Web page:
Duke Energy ends temporary power outages across NC

Overwhelming demand for heat during the region’s arctic plunge forced Duke Energy to roll out controlled blackouts of 15 to 30 minutes across North Carolina Saturday on Christmas Eve.

A number of surprised and angry customers took to social media to vent about the rare and surprising action.

The Charlotte-based utility stopped the rolling outages at about 11:30 am Saturday, spokesman Bill Norton said. Power came back up to about 10,000 customers at a time.

On Saturday afternoon, Duke Energy was asking customers to reduce energy use for the next 24 hours as extreme temperatures drove unusually high energy demand across the Carolinas.

At one point Saturday morning, about 100,000 customers had no power in the Charlotte region. By 7 am Sunday, power had been restored to most of the area, with a Duke Energy outage map showing fewer than 1,000 customers without power in Mecklenburg County.

No decision has been made yet on whether Duke Energy will need to deploy controlled outages on Sunday, according to Norton.

“I don’t recall a situation in recent memory” that Duke Energy needed to implement controlled blackouts, Norton said.

Meanwhile, the Charlotte Fire Department said it was dealing with a high volume of calls due to frozen pipes and water issues. It asked people to call 911 for emergencies only.

Dangerous cold and wind chills are expected across the western Carolinas on Christmas Eve, according to the National Weather Service. National Weather Service map

Protecting the power grid

A number of factors led to the controlled outages.

Demand for energy in the face of very cold temperatures was higher than forecast, Norton said. Controlled outages were implemented as temperatures sat at 10 degrees Saturday, with wind chills of minus 4.

A few generating units also were experiencing problems around North Carolina, Norton said. And neighboring power companies had their own needs as well.

“The company is implementing load shedding steps that include interruptions in service,” Duke Energy said in a news release about the outages. “This is necessary to extend available power generation and help maintain operations until additional power is available. These outages are temporary and rotated among customers and will continue until additional electricity is available and normal operation of the power grid resumes.”

At about 10:30 am, Gov. Roy Cooper issued a statement, saying he had spoken with Duke Energy CEO Lynn Good Saturday “to offer assistance and to express urgency about the need to restore power quickly in this extreme cold while keeping customers accurately informed.”

Charlotte weather forecast

The cold front has resulted in North Carolina seeing its coldest Christmas Eve since 1983, when some communities woke up to 8 degrees, forecasters say.

Temperatures at freezing or below are expected through Wednesday of this week, the National Weather Service reports.

The high on Christmas will be around 37 degrees. Meanwhile, night time lows in Charlotte will be 14 degrees on Christmas Eve, 18 on Christmas and 25 degrees on Monday, forecasters say.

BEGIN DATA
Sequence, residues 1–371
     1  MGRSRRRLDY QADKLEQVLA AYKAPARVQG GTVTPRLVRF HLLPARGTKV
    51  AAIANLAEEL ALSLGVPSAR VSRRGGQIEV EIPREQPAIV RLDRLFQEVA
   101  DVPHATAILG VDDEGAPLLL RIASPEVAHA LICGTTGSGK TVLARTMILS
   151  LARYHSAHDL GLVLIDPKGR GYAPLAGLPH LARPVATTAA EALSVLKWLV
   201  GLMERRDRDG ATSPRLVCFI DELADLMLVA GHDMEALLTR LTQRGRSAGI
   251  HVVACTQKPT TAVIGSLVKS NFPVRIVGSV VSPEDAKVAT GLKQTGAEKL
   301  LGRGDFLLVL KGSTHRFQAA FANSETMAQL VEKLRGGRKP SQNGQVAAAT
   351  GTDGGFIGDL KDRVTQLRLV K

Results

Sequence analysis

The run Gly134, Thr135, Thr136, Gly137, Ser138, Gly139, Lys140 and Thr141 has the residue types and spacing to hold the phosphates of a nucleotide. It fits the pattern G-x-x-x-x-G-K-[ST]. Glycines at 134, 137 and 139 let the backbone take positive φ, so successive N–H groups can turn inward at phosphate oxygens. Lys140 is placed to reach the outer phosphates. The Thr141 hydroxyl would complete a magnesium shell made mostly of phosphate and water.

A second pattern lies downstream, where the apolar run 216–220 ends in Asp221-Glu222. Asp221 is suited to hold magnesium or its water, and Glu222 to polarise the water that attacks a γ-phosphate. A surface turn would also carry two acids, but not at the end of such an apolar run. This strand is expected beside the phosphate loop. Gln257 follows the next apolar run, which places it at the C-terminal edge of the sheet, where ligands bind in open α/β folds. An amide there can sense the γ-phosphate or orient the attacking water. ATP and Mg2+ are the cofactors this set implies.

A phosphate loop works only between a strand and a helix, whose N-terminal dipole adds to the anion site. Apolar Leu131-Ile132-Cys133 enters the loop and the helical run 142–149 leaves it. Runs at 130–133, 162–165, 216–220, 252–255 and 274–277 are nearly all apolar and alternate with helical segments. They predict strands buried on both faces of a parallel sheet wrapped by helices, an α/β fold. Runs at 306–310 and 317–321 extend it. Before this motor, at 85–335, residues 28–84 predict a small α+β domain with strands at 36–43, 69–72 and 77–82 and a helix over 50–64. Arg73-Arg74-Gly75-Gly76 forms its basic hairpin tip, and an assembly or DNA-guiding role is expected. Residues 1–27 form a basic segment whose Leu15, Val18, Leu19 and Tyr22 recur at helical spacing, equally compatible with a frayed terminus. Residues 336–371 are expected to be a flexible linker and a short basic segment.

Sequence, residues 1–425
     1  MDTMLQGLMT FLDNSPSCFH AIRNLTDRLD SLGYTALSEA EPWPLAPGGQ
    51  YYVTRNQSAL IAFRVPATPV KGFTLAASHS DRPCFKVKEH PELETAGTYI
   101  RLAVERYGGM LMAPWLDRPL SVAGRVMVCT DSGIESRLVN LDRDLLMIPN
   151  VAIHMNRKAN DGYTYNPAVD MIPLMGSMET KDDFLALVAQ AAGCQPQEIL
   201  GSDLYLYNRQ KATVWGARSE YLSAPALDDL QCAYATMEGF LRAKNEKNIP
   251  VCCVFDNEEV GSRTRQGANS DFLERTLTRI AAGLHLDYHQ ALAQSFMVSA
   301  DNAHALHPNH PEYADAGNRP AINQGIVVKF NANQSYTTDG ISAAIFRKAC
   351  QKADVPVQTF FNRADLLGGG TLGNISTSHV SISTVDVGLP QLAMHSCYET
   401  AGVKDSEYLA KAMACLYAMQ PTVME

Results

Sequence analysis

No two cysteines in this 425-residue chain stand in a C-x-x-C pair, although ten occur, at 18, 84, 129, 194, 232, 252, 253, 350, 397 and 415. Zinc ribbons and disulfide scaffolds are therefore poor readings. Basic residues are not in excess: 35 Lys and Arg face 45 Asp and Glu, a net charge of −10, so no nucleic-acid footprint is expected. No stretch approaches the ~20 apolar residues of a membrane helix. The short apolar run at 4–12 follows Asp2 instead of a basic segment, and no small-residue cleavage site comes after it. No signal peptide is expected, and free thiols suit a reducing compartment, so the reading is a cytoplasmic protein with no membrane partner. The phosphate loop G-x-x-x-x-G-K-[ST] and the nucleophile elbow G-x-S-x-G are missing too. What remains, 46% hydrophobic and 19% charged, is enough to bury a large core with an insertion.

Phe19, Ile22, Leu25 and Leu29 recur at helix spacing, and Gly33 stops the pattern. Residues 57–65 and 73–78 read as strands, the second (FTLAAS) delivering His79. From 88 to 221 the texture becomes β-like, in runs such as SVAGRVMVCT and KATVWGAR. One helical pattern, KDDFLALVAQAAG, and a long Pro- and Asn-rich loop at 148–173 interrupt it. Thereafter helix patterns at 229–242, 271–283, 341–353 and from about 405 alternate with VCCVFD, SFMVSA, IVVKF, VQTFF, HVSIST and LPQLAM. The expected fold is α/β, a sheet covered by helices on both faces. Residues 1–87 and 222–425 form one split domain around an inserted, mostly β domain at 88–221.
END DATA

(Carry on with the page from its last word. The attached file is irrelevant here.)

Duke Energy Carolinas and Duke Energy Progress the “load shedding” is necessary to “maintain operations until additional power is available.”

Social media backlash to controlled outages

News that Duke Energy was adopting controlled blackouts received immediate push back on social media, with many noting the weather was a threat to safety.

Others pointed out the power giant should have anticipated the shortage, given the cold front was forecast a week ago. More than just cold, the front was accompanied by dangerous wind chills and gusts strong enough to down trees and power lines.

“You did what? It’s 9 degrees outside and Christmas Eve. I pay my bill. This is disgusting,” one man posted on Twitter.

“Some communication that this was going to be happening would have been nice, especially after not having power all day yesterday either. … It’s dropped 10 degrees inside in an hour,” a woman wrote.

“This shouldn’t be allowed. You’re leaving families freezing. I bet the CEOs power never gets cut in these ‘energy grid saving outages,” another commenter said.

Conservation tips

In asking customers to conserve power, Duke Energy suggested that customers:

Select the lowest comfortable thermostat setting and bump it down several degrees whenever possible.

Avoid using large appliances with a three-pronged plug, such as dishwashers, ovens and dryers, during high-demand periods like early mornings.

Shift non-essential activities like laundry to late evening hours when power demand is lower.

Charge electric vehicles overnight.

And if you have an electric water heater, limit the use of hot water as much as possible.

Staff writer Ames Alexander contributed.

This story was originally published December 24, 2022 8:50 AM.

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Mark Price has been a reporter for The Charlotte Observer since 1991, covering beats including schools, crime, immigration, LGBTQ issues, homelessness and nonprofits. He graduated from the University of Memphis with majors in journalism and art history, and a minor in geology.


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